Cottingley Fairies photographs to be auctioned
The famous faked Cottingley Fairies photographs are to be sold at auction.
Pictures of dancing pixies were taken in 1917 by 16-year-old Elsie Wright and her nine-year-old cousin Frances Griffiths, in the village of Cottingley, near Bingley in Yorkshire.
The hoax fooled many people including Sherlock Holmes author Sir Arthur Conan Doyle.
Auctioneers expect the two images to fetch over £2,000 when they are sold next month.
The girls borrowed Elsie's father's camera, and used coloured paper cut-outs and hat pins to stage their scenes near the stream at the end of Elsie's garden.
They first showed Frances with four dancing fairies and two months later photographed Elsie seated with a one-foot tall dancing gnome.
In 1919, Elsie's mother Polly Wright took prints of the two photographs to show members of the Theosophical Society in Bradford where they were giving a lecture on fairy life.
From there things spiralled out of control, first through the enthusiastic belief of leading society member Edward Gardner, who used photography expert Harold Snelling to produce photographic prints of them to be sold at Gardner's theosophical lectures in 1920.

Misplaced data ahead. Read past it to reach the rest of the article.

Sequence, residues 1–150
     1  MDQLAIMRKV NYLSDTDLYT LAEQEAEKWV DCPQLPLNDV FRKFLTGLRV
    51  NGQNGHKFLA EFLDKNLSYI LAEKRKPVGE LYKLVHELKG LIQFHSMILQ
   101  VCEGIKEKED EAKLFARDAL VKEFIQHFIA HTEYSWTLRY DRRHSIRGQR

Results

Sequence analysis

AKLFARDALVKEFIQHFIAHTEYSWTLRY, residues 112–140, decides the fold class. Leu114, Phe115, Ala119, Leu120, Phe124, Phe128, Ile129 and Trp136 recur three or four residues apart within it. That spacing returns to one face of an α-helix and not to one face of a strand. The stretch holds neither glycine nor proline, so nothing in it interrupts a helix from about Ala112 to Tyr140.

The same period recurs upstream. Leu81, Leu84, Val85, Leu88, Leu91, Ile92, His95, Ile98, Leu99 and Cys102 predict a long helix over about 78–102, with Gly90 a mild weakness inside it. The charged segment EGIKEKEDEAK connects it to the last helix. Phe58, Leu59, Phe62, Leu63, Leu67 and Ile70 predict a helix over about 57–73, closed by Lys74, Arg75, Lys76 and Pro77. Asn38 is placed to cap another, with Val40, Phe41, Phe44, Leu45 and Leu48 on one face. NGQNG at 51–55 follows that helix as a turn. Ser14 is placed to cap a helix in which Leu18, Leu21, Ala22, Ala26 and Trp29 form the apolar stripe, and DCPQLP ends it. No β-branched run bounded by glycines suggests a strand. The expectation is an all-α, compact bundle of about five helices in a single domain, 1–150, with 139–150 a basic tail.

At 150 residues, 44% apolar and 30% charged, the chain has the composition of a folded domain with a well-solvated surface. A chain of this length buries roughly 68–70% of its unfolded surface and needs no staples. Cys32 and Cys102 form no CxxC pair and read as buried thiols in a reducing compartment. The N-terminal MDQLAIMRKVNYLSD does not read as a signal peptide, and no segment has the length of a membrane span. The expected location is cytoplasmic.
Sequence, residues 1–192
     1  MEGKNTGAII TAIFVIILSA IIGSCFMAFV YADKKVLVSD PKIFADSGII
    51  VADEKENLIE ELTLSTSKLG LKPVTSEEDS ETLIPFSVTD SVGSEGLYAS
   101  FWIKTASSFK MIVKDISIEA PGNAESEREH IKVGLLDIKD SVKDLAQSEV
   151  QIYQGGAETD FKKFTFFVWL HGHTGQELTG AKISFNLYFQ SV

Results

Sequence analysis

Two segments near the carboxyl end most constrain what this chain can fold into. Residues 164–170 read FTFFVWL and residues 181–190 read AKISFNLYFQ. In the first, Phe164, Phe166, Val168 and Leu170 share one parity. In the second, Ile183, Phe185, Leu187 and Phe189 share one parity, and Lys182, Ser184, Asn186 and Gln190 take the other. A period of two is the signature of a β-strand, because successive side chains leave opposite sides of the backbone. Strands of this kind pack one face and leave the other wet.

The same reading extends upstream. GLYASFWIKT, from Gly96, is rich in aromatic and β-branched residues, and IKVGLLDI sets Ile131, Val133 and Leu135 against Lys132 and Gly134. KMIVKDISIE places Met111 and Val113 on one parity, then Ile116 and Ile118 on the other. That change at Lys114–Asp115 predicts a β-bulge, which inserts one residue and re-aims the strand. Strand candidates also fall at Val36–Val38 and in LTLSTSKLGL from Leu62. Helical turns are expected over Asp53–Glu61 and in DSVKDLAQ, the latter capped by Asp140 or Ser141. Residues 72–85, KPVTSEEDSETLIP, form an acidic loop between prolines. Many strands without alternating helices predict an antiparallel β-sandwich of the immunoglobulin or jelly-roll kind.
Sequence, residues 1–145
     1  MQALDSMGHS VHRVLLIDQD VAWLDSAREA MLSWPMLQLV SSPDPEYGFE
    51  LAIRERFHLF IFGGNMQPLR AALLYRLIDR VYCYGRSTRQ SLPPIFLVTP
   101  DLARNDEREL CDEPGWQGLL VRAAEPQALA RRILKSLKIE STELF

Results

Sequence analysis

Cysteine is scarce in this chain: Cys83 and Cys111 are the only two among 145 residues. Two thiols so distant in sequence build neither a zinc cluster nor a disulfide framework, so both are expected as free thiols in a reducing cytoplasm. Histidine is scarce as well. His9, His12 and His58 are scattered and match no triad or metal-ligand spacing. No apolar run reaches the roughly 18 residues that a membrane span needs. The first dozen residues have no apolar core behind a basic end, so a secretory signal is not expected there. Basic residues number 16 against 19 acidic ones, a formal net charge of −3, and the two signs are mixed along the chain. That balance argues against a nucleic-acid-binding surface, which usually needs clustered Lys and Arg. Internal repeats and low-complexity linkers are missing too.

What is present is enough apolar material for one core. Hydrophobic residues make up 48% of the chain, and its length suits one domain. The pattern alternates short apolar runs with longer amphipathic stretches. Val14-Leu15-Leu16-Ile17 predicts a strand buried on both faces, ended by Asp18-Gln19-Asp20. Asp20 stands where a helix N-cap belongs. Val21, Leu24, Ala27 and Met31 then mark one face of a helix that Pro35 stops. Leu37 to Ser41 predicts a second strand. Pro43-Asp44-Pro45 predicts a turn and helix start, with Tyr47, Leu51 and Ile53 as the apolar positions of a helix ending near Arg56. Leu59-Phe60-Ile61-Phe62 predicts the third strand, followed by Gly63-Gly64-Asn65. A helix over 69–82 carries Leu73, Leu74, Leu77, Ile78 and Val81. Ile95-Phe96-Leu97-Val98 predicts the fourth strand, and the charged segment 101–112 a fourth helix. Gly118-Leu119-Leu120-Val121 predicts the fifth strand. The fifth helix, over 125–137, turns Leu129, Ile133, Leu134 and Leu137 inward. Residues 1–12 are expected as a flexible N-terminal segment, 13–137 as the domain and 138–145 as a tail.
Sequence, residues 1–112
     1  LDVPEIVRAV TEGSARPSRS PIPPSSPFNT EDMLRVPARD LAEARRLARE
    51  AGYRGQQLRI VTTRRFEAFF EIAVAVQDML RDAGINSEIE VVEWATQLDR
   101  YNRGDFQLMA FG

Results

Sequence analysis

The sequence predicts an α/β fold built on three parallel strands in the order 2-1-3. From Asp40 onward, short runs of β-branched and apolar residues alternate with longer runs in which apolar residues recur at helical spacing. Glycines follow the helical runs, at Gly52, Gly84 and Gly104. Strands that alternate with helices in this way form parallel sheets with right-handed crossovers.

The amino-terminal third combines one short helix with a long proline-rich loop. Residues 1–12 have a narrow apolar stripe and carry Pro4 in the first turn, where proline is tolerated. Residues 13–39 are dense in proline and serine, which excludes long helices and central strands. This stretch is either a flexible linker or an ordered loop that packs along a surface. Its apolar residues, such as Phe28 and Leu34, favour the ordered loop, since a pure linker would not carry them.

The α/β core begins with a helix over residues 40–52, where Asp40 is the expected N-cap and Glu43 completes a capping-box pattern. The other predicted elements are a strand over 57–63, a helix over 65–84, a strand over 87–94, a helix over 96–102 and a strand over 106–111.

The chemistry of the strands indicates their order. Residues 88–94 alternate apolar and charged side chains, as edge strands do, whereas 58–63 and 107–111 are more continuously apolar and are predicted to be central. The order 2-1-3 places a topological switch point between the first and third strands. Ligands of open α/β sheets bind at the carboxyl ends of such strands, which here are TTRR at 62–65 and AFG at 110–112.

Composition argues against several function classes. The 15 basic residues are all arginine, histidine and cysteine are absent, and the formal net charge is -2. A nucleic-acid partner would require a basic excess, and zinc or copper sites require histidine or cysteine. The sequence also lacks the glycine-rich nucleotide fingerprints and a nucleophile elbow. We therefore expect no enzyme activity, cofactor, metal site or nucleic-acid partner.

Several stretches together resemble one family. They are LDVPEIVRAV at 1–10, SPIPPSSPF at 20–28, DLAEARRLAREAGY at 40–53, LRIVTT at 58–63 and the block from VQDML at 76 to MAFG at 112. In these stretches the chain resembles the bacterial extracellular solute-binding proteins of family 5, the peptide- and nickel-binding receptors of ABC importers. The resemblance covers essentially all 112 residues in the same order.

The pictures found their way to keen spiritualist Conan Doyle who was writing a magazine story on fairy life.
Following the publication of Conan Doyle's article, a great public controversy raged with leading scientists and writers voicing their opinions in support of and against the truthfulness of the photographs.
Auctioneer and photography specialist Chris Albury said the photographs were likely printed for sale at lectures advocating spiritualism.
"While there was a lot of scepticism in the authenticity of the photographs at the time," he said.
"The story never went away and Elsie and Frances only confessed that the photographs had been faked in 1983, Frances even then maintaining the fifth photograph was genuine and that she believed in fairies."
The photographs will be sold by Dominic Winter Auctioneers in Cirencester, Gloucestershire on 4 October.